Introduction to Somatic Experiencing
Contributed by Janee Bellamy, with full attribution to Somatic Experiencing Trauma Institute: http://www.traumahealing.com/somatic-experiencing/
What is Somatic Experiencing®?
A single brief exposure to an overwhelming event can throw a normally functioning individual into an abyss of emotional and physical suffering.
SE® is a clinical methodology based upon an appreciation of why animals in the wild are not traumatized by routine threats to their lives while humans, on the other hand, are readily overwhelmed and traumatized. Fortunately, the very same instincts (and related survival based brain systems) that are involved in the formation of trauma symptoms can be enlisted in the transformation and healing of trauma. Therapeutically, this “instinct to heal” and self-regulate is engaged through the awareness of body sensations that contradict those of paralysis and helplessness, and which restore resilience, equilibrium and wholeness.
In distinction to cognitive and emotional based therapies (“top-down” approaches which focus on insight and emotions first and only secondarily focus on somatic responses to trauma), SE® is a “bottom-up” approach. It focuses on the brain stem and its survival-based functions, which are not under conscious or emotional control. Access to these instinctual action and arousal systems is through the vehicle of physical bodily sensations.
Cognitions and emotions are included in SE® practice but they are secondary or derivative from physical sensations through bottom-up processing.
SE® employs awareness of body sensation to help people “renegotiate” and heal rather than re-live or re-enact trauma. SE’s guidance of the bodily “felt sense” allows the highly aroused survival energies to be safely experienced and SE® “titrates” experience (breaks down into small, incremental steps), rather than evoking catharsis, which can overwhelm the regulatory mechanisms of the organism.
Science Behind Somatic Experiencing
Integrating a broad scientific understanding of how animals and human beings respond to overwhelmingly stressful circumstances, Somatic Experiencing® (SE®) is an innovative and highly effective approach to preventing and healing the consequences of emotional and physical trauma. The result of over forty years of observation, research, and hands-on development by Dr. Peter Levine, SE® recognizes that trauma isn’t just restricted to catastrophic events like war, rape, and disaster, but can be the product of an accumulative effect from other more “ordinary” events such as falls, accidents, and invasive medical procedures.
SE® encourages the client to physicalize their personal boundaries by becoming aware of physical sensations and impulses. By gradually discovering their own innate defensive responses, the client replaces feelings of collapse and terror with a sense of completion, self-acceptance and mastery. This is done without retelling or reliving the traumatic narrative, which are highly likely to re-traumatize. The reliance on observing and discerning shifts in sensation and imagery (known as “tracking”) is a much safer and more effective approach, as opposed to re-immersion or cognitive-based therapies, when dealing with the high-level, survival energies of trauma.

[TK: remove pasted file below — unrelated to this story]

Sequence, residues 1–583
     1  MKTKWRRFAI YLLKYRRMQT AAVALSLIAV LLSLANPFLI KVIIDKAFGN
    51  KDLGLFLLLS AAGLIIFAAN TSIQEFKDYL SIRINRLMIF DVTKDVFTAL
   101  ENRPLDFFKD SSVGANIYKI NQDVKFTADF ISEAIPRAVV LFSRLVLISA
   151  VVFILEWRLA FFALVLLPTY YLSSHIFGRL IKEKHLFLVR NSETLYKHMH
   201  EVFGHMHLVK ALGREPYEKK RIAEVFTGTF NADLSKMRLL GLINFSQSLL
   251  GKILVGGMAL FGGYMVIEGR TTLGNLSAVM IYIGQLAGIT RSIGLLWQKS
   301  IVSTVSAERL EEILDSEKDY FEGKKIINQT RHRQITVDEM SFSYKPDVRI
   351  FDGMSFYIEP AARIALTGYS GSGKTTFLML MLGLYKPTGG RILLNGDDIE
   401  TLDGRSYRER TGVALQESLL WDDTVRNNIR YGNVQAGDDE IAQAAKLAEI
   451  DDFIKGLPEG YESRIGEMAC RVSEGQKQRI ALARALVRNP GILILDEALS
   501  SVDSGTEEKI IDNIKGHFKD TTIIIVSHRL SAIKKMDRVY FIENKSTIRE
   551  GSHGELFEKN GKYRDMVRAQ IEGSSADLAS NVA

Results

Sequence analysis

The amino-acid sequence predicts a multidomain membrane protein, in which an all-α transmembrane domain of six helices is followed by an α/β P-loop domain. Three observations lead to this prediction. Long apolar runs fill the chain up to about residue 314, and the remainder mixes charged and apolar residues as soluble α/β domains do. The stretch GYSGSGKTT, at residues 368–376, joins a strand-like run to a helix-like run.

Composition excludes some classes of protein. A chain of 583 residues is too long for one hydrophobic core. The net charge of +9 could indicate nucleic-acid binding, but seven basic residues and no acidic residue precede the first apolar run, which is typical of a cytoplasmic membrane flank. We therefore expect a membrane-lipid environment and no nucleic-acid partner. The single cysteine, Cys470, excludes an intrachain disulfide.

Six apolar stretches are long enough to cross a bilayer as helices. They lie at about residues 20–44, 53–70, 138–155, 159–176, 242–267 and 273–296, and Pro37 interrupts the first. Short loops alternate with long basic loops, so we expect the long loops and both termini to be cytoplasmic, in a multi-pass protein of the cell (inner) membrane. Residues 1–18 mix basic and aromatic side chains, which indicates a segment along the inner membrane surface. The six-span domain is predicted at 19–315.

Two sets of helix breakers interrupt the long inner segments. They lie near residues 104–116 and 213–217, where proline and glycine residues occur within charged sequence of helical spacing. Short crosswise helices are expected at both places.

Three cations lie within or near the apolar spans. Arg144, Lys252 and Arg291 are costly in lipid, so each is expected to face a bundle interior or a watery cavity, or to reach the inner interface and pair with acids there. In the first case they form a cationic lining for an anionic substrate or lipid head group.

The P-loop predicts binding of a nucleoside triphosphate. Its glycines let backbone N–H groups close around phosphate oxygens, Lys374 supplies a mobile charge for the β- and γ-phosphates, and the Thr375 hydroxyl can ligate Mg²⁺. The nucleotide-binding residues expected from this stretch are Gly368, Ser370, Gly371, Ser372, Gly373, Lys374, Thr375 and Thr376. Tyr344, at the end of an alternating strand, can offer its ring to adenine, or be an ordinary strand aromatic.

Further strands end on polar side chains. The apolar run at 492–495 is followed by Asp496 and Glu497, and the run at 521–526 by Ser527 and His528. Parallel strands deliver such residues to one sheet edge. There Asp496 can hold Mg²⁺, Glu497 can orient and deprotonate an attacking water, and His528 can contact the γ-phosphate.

By “tracking” their own shifting physiological states, incomplete survival responses to real or perceived threat begin to re-emerge through posture, heat changes, and trembling or muscle vibration. The client is encouraged to complete these actions, either through slow, deliberate movement, or just by “feeling” themselves do it. This leads to a successful renegotiation.
Renegotiation is defined as the integration and transformation of traumatic memory, experience, and energy into a more cohesive and life-fulfilling sense of accomplishment. Renegotiation achieved when the client is able to successfully release in a slow and segmented way, only as much trapped survival energy as can be re-integrated back into their body, without becoming overwhelmed. As sessions progress, this capacity for re-integrating larger levels of this traumatic energy (through trembling, temperature changes, imagery, and intense sensation) increases.
An SE® therapist’s role is to monitor changes in the client’s body. These changes include pulse rate, breathing, temperature and posture. These changes are reported to the client, who in turn is gently encouraged to experience (and report back) these shifts as sensation (warm, cold, tingling, vibration, contraction, expansion, pleasure, discomfort, etc.).
The therapist guides the client’s awareness to observable changes in their body (or stark discrepancies between what the client is saying, and how their body posture changes). The client is encouraged to set their own pace, and the intensity of the sessions is also modulated by the therapist for added safety. Context is unspoken, and only experienced in small, easily integrative doses.
SE® practitioner modulates the client’s levels of nervous system arousal during the session, but allows the client to “set their own pace” or rhythm, a counter to the fixity and lack of choice in the trauma.
For more information on SE®, including information about and schedules for future training, please visit the Somatic Experiencing Trauma Institute website, http://traumahealing.com/. In January 2014, a new class will form in Austin, Texas.
For more information regarding research and articles on this modality, please visit: